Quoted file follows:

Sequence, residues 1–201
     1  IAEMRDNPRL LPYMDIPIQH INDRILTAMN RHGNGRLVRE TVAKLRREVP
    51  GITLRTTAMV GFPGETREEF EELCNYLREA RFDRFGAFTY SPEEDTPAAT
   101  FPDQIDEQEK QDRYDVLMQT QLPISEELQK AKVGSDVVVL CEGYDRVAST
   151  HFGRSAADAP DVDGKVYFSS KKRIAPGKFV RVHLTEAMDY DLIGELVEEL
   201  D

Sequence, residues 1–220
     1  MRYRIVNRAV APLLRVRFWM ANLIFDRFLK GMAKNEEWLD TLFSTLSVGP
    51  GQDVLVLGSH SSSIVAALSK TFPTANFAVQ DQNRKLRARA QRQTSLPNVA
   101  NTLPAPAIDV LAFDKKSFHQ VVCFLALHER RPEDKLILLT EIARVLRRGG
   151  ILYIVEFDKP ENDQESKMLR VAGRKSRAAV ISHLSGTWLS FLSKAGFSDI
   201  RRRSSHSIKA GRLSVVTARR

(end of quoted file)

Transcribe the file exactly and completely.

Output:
Sequence, residues 1–201
     1  IAEMRDNPRL LPYMDIPIQH INDRILTAMN RHGNGRLVRE TVAKLRREVP
    51  GITLRTTAMV GFPGETREEF EELCNYLREA RFDRFGAFTY SPEEDTPAAT
   101  FPDQIDEQEK QDRYDVLMQT QLPISEELQK AKVGSDVVVL CEGYDRVAST
   151  HFGRSAADAP DVDGKVYFSS KKRIAPGKFV RVHLTEAMDY DLIGELVEEL
   201  D

Sequence, residues 1–220
     1  MRYRIVNRAV APLLRVRFWM ANLIFDRFLK GMAKNEEWLD TLFSTLSVGP
    51  GQDVLVLGSH SSSIVAALSK TFPTANFAVQ DQNRKLRARA QRQTSLPNVA
   101  NTLPAPAIDV LAFDKKSFHQ VVCFLALHER RPEDKLILLT EIARVLRRGG
   151  ILYIVEFDKP ENDQESKMLR VAGRKSRAAV ISHLSGTWLS FLSKAGFSDI
   201  RRRSSHSIKA GRLSVVTARR